Now who was out and about at the vital time?  One witness was David William, who stated that he went with John Robert, both of Rhiw, to the strand between 1 and 2am on the morning of the 7th January 1742, and that they walked the shoreline through out the night picking up separate things and it wasn’t until far into the day that David William came to the long boat, saw the murdered men, remarked upon their cuts and bruises, and that there were several unnamed people present at the scene.  He further stated that he believed that both men had been murdered.  How did he and John Robert know that it would be worth their while to leave their beds to walk the shoreline?

John Robert(s) stated that on the morning of the 7th January 1742 before day break, whilst in the company of David William and Richard Robert Arthur, he met a Hugh Bedward on the strand near to Rhiw.  He then stated that he parted company with David William and Richard Robert Arthur, and walked with Hugh Bedward.  We now have 4 people on the beach at the appropriate time.  John Robert(s) continued in his statement that he and Bedward saw a boat on the strand, and when they neared it they saw two dead bodies by it, and at the same time he saw two other people whom he could not identify walking away from the boat in the direction of Rhiw Point, which is away from Rhiw.  He also stated that he believed that the bodies of Morgan and Halesham did not appear to have been starved or murdered, but he did not suggest how they had met their deaths.  If he can believed, does this now indicate that 6 people are now near the scene?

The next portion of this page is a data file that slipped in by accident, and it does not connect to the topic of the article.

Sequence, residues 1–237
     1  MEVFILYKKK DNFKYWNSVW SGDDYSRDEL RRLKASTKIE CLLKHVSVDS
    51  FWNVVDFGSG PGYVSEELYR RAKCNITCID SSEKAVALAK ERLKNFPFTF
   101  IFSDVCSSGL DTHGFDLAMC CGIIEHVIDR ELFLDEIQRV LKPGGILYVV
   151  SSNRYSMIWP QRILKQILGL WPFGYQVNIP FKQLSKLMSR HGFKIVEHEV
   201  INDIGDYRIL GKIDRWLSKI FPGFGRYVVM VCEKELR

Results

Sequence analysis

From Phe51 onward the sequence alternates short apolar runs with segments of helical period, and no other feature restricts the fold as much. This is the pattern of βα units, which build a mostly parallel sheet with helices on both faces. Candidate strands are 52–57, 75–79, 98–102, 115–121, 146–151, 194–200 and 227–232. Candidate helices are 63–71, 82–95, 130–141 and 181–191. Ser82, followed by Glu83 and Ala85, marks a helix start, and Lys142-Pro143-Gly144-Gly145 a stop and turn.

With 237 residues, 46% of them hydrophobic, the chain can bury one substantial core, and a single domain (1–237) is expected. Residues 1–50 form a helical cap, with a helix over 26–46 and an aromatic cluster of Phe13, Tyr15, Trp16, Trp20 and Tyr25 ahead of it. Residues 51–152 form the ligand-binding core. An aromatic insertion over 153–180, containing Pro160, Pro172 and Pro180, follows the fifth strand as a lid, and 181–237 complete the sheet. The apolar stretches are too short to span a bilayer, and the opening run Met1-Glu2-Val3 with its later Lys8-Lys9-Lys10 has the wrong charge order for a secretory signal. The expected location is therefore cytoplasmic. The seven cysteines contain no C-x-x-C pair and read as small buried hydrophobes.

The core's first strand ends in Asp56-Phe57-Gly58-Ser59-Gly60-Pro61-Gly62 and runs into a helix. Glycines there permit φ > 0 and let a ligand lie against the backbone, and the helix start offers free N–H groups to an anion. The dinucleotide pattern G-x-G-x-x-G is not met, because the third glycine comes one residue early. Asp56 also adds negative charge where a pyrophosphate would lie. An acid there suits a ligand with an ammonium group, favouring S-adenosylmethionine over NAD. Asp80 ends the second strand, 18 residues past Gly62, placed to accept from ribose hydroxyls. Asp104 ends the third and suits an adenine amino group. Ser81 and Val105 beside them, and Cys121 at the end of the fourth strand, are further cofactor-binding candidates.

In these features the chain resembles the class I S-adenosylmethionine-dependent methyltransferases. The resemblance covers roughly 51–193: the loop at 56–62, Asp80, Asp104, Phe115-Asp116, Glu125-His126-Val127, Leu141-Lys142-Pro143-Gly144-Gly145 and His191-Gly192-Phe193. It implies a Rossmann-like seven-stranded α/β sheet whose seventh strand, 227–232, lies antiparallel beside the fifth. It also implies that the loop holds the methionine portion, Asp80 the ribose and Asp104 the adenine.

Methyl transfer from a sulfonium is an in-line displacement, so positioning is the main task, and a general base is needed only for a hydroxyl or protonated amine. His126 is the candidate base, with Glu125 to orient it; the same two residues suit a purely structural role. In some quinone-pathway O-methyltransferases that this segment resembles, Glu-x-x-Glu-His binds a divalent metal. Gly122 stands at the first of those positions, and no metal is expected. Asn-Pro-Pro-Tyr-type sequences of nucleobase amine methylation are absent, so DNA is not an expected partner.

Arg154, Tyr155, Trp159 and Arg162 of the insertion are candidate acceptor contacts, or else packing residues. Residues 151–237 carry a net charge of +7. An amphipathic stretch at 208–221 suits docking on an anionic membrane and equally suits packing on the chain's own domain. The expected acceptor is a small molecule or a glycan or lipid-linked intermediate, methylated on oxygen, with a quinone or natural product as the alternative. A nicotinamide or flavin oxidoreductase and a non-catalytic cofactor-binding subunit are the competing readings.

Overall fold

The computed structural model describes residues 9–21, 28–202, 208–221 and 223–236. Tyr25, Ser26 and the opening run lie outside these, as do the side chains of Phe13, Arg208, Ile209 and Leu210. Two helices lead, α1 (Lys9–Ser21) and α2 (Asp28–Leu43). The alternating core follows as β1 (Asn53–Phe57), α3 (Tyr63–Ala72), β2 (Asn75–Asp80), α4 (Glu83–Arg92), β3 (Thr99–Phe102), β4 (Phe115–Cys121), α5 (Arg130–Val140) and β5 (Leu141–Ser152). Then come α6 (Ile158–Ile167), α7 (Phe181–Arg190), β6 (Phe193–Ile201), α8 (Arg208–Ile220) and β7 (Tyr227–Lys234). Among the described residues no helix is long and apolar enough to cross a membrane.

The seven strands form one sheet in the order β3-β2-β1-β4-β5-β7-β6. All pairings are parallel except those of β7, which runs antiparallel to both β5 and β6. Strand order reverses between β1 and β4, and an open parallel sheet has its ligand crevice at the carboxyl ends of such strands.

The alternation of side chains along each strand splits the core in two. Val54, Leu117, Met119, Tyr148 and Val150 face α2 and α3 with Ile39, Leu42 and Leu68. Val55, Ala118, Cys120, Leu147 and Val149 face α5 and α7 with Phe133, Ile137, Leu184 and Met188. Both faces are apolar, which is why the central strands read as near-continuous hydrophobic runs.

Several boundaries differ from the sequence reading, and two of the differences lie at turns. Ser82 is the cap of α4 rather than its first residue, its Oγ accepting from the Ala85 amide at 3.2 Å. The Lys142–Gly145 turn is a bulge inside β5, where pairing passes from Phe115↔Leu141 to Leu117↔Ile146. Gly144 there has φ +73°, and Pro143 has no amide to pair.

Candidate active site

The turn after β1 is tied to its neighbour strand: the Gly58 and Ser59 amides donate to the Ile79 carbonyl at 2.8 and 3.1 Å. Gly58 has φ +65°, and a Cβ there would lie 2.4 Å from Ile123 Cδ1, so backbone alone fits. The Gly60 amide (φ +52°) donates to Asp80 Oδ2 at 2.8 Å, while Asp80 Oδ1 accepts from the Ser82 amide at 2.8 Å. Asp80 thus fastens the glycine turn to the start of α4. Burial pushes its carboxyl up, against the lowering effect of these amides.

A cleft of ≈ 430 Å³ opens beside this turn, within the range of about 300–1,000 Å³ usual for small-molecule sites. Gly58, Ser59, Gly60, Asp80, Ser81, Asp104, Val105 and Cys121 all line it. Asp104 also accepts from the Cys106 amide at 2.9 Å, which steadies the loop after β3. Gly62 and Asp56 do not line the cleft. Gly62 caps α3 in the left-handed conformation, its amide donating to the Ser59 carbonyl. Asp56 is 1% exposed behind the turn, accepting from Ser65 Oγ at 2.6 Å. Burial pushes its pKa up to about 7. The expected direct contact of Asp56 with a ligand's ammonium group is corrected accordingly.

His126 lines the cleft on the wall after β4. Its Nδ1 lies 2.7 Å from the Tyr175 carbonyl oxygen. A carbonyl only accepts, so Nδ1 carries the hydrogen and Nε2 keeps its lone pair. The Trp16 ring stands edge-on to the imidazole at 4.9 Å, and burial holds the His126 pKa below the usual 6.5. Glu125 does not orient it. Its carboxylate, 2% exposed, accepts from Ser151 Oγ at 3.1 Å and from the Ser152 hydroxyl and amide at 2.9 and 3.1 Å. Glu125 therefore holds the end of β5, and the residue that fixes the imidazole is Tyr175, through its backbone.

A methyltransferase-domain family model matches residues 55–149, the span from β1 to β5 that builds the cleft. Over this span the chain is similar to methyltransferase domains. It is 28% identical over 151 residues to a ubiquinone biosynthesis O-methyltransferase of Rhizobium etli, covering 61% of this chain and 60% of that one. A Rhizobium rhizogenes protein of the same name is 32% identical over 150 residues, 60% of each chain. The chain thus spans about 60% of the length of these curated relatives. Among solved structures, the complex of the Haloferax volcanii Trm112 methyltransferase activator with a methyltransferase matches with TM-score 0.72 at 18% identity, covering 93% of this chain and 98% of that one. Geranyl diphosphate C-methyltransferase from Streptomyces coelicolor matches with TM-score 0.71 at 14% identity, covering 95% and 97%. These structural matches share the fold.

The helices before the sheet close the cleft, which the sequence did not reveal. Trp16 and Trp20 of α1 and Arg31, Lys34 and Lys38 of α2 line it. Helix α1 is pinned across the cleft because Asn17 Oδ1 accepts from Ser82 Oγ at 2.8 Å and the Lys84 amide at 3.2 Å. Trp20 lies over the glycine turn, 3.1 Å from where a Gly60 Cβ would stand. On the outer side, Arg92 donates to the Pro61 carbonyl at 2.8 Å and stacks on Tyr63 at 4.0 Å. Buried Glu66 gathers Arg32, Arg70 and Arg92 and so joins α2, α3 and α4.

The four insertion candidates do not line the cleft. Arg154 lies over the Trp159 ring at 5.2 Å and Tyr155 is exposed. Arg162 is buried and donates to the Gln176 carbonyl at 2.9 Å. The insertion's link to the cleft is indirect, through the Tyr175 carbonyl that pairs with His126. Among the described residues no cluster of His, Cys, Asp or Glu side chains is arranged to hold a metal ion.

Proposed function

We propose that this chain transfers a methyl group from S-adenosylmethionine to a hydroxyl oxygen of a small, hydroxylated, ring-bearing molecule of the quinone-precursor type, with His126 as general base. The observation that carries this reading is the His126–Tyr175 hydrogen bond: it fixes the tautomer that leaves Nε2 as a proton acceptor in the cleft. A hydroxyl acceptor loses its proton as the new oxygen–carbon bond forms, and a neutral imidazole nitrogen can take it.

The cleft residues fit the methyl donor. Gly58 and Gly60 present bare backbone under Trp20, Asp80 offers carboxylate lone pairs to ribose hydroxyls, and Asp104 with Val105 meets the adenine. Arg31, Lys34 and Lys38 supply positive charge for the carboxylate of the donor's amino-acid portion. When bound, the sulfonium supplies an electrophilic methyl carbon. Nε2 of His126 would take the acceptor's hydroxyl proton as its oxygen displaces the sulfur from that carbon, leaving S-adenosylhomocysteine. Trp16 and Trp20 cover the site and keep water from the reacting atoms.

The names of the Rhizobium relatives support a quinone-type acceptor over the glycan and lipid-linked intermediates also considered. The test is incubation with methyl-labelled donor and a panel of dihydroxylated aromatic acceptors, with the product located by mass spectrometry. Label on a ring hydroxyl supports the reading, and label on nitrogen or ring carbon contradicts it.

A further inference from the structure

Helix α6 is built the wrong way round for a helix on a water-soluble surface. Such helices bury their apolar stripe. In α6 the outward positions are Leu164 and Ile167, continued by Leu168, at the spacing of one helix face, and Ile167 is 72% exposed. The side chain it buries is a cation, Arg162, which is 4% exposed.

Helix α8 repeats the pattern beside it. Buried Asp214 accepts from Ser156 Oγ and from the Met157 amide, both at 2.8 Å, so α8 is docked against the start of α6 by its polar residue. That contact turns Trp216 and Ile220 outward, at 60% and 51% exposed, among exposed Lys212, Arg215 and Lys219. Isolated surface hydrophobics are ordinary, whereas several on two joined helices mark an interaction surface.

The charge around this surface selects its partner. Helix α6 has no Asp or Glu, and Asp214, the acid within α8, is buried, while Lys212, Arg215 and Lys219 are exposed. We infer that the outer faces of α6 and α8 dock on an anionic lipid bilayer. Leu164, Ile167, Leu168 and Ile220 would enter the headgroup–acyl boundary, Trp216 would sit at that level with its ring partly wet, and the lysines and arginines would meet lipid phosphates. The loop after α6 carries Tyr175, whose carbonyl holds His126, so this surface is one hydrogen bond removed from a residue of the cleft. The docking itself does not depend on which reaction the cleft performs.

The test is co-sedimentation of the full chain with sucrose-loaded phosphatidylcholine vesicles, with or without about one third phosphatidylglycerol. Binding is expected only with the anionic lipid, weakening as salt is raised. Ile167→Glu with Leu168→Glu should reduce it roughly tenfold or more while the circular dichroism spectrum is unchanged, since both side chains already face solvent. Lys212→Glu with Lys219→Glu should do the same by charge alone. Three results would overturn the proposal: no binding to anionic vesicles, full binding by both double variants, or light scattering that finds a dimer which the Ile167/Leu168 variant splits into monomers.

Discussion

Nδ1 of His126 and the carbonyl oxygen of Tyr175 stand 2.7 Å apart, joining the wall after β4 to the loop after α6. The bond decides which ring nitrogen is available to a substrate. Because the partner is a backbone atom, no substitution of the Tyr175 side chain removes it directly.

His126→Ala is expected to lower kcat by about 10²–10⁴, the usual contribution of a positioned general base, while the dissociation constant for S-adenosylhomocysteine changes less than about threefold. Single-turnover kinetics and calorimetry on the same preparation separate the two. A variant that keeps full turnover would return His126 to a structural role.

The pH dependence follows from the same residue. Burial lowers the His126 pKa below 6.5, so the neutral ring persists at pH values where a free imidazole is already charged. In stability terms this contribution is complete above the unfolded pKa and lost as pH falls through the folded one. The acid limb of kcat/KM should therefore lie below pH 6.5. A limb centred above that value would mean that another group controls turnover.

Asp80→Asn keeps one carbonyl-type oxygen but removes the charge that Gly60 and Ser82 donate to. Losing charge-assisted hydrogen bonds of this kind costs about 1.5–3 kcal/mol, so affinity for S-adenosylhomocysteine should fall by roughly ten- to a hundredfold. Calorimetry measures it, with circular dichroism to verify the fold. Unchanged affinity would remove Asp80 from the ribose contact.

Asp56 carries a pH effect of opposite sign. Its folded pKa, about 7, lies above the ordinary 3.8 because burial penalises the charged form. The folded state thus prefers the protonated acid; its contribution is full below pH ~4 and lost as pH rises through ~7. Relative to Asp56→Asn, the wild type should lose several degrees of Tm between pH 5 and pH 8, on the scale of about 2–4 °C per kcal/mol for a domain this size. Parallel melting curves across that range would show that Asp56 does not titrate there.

Hugh Bedward stated on examination by Justice Love Parry on the 11th January 1742, that the previous Friday, the 7th. That before day break he had gone to the strand near Rhiw and met John Robert(s) and two other persons (presumably David William and Richard Robert Arthur).  The four then split, Bedworth going off with Robert(s) and walked towards Rhiw Point and after some time they found a boat on the strand with two persons alive and leaning on the boat.  Bedworth stated that Robert(s) who was carrying knife, immediately stabbed the bigger of the two men in the nape of his neck and instantly killed him.  Having done this he then went to the other person and took him by the throat and choked him to death.  Bedward further stated that having killed both men Robert(s) suggested that that the victims must have had effects with them, which they should take and bury before they were discovered.  Robert(s) is alleged to have told Bedward to hold a chest, which was near the boat until he had buried it.  They obviously opened it because Bedward said Robert(s) took cutlery out of the chest.  They also found a small trunk, which Robert(s) also wished to hide out of sight.

Bedward further stated that before they could carry off the effects found in the trunk, they were joined by Maurice Lewis of Plas yn Rhiw, his son Morris and his man servant (Evan William Howard). They were then joined by several other persons.  Bedward said at the time that the had discovered the boat and that they had seen two persons going towards Rhiw Point away from the boat.

This evidence is unchallenged unfortunately.  I maintain that it would have been difficult for Robert(s) to murder both men, and that different methods were used, also no further mention is made of the chest or trunk, nor any evidence of any blood staining on the suspects.  With the extent of the wound on Morgan, copious amounts of blood would have been spilt.  Here we have an allegation by Bedward that Robert(s) alone committed the crimes and that he Bedward was innocent of murder.